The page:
Monday, June 27, 2016

like breathing in and out at the same time

If only you could breathe in and out at the same time, she said, followed by mention of someone we all knew who claimed they could do it. A few of us laughed or called her bluff while she experimented with her breath to figure out how it was done. The rest of us joined in, laughter muffled in the breath we held in our puffed-out cheeks, trying to figure out how to use our noses, too.

The context for this experiment was swimming. The weekend before, my friends had been trying to do as many rounds of front-flip-back-flip as they could without coming up for air. Holding your breath longer, or having a renewable source of breath, means you can stay under water longer.

Back in my living room, we all kept trying to perform those two opposing actions (in and out) at the same time. In the end, all we did was hold our breath, then let it out with relief. Impossible, we all agreed.


I told my friend this story when we talked on the phone. Sometimes breathing just requires focus, she said, as if she believed it could be possible.


Some time before all this, that familiar whisper came as I prayed. Psalm 37, it prompted, and I promptly turned to it, eager to be spoken to. A few verses in, I read that one verse that I avoid because it has always been so problematic. And he will give you the desires of your heart, is how it ends, which makes receiving seem dependent on the action that is mentioned earlier: Delight yourself in the Lord. The desire of my heart - the one I'd been praying about at the very moment the seed of that psalm was dropped into my palms - seemed far off, risky to ask for, unlikely and maybe, in the end, unholy.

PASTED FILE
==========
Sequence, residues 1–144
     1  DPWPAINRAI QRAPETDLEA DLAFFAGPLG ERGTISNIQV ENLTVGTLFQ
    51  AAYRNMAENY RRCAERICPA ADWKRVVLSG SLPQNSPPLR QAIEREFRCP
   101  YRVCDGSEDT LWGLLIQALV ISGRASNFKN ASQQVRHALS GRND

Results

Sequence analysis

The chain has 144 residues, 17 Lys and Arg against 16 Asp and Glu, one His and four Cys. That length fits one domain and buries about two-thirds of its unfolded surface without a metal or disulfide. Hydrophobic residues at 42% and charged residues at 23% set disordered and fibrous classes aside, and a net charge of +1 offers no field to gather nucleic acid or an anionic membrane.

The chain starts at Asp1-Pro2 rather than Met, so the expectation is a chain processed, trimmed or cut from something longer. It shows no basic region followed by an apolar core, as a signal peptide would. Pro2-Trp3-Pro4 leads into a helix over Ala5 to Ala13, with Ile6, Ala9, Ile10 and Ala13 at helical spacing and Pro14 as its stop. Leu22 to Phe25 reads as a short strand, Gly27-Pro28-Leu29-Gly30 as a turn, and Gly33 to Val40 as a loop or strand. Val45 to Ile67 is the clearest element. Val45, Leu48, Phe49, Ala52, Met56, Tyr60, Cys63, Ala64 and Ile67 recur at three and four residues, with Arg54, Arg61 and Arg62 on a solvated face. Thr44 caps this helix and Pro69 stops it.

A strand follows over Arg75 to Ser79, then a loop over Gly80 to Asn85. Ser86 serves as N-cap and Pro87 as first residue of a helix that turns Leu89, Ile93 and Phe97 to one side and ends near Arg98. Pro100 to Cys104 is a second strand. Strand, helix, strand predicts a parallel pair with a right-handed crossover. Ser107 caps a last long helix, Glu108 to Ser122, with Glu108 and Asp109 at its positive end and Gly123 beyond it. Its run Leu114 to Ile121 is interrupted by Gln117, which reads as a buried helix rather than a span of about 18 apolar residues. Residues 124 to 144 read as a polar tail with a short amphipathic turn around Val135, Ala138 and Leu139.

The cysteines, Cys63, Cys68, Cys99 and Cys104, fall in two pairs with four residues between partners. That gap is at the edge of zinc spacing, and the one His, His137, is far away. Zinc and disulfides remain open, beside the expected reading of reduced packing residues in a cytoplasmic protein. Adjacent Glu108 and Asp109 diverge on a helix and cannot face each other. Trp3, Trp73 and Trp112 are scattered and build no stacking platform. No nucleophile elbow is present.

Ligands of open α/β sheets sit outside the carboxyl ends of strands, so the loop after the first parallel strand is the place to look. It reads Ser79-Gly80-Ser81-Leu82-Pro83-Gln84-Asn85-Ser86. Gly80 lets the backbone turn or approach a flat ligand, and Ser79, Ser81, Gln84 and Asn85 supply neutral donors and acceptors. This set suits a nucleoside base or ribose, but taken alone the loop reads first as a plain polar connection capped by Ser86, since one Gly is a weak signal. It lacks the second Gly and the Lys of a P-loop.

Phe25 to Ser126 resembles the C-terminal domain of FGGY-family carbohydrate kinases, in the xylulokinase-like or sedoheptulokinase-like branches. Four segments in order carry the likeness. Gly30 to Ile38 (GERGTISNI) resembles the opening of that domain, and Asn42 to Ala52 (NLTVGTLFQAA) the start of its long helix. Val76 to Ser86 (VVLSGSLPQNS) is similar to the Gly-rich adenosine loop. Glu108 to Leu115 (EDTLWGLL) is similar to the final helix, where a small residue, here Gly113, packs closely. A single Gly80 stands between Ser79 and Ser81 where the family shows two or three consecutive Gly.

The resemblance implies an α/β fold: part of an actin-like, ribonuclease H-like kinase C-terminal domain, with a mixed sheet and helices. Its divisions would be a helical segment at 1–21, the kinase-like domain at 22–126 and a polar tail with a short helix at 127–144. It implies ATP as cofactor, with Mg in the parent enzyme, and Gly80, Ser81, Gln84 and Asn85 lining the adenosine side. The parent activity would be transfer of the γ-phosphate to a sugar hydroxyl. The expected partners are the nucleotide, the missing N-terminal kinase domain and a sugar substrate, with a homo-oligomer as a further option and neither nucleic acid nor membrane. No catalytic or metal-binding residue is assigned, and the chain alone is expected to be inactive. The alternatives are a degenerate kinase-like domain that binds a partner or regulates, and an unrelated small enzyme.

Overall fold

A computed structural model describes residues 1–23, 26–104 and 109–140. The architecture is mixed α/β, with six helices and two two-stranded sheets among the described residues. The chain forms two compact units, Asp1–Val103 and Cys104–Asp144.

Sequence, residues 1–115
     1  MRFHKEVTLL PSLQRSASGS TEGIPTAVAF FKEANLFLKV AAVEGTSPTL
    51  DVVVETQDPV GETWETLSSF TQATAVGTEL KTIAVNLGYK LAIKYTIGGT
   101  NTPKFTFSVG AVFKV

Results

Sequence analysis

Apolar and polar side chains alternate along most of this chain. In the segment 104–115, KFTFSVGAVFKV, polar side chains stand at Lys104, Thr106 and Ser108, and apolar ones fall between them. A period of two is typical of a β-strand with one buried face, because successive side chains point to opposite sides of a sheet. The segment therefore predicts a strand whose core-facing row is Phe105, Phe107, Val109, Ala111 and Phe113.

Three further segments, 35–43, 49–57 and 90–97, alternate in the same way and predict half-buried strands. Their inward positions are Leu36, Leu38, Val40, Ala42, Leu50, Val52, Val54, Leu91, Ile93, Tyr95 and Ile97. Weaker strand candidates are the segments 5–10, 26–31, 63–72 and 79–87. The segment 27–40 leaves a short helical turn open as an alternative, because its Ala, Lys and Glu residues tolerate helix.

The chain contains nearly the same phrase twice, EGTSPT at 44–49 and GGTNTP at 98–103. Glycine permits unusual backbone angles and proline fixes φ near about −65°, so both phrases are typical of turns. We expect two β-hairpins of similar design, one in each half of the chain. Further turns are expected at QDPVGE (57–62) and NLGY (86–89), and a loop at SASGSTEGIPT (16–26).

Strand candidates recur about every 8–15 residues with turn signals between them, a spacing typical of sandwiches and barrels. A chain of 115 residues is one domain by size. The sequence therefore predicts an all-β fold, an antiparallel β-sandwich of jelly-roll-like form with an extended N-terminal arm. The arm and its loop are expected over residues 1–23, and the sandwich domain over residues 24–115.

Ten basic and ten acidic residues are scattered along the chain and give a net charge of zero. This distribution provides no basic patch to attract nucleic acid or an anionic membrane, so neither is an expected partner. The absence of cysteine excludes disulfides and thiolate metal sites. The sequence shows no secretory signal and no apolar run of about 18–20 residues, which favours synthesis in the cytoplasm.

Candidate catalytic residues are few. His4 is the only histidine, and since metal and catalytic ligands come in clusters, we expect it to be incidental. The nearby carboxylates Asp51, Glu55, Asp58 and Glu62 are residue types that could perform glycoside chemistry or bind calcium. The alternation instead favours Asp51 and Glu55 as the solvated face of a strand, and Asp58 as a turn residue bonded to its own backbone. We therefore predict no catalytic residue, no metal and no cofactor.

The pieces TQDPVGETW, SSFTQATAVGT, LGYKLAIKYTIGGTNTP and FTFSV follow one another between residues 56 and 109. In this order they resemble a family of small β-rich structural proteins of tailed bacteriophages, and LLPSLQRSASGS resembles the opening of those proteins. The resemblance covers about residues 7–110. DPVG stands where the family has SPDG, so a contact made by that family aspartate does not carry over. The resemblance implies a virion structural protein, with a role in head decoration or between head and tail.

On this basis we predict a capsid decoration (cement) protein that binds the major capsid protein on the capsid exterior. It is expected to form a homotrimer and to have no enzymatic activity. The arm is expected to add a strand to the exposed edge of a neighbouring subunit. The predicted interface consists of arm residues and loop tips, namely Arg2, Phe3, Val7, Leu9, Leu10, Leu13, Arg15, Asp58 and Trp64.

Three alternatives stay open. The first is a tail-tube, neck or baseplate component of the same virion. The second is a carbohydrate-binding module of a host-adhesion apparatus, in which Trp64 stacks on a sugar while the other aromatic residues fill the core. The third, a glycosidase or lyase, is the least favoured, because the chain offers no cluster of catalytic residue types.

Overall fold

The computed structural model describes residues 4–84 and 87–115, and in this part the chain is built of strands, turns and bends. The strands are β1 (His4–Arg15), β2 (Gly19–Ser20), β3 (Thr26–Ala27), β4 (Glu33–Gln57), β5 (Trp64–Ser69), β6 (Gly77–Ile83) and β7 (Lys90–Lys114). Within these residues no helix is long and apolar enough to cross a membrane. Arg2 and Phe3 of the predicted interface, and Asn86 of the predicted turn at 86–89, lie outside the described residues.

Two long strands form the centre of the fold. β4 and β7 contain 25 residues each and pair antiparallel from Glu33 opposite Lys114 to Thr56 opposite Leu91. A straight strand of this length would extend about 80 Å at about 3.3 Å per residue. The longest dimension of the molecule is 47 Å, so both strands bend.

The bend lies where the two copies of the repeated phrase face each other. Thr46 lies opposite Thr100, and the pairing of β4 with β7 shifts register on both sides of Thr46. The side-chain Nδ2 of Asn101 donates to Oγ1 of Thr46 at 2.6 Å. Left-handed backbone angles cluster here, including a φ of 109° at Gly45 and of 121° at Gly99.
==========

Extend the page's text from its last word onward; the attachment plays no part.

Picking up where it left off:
That verse kept coming. It popped up everywhere. In a card from my mother, in a text from a friend, on the screen of my Bible app. One could say that the verse is bound to keep coming up because we sentimental Christians love the sweet simplicity of that do this, receive what you want mentality. It is an overused verse.

But it is anything but simple. If delighting in God is knowing Him as one who is just and forever good and eternally good-intentioned, then how do I go on delighting when the desire goes unfulfilled? Do I ignore the desire and assume it wasn't mine to ask for? Did the psalmist even mean give as in fulfill, or is it to signify origination (I will show your heart how to desire). A few weeks later God said to me that he is the giver of the desire, so don't I think he'll fill it? But even now my hands are still holding nothing but the seed of this verse. And what happens if I am being asked to go on desiring but not the specific thing anymore? A desire empty of specifics can feel like a gaping hole, an endless sea.

It feels like breathing in and out at the same time, I told my friend on the phone. Confounding, is what I meant.


Sometimes breathing requires focus, I remember, readying my heart for deep dive, wondering how long I can stay under, and if I'll get to the other shore.

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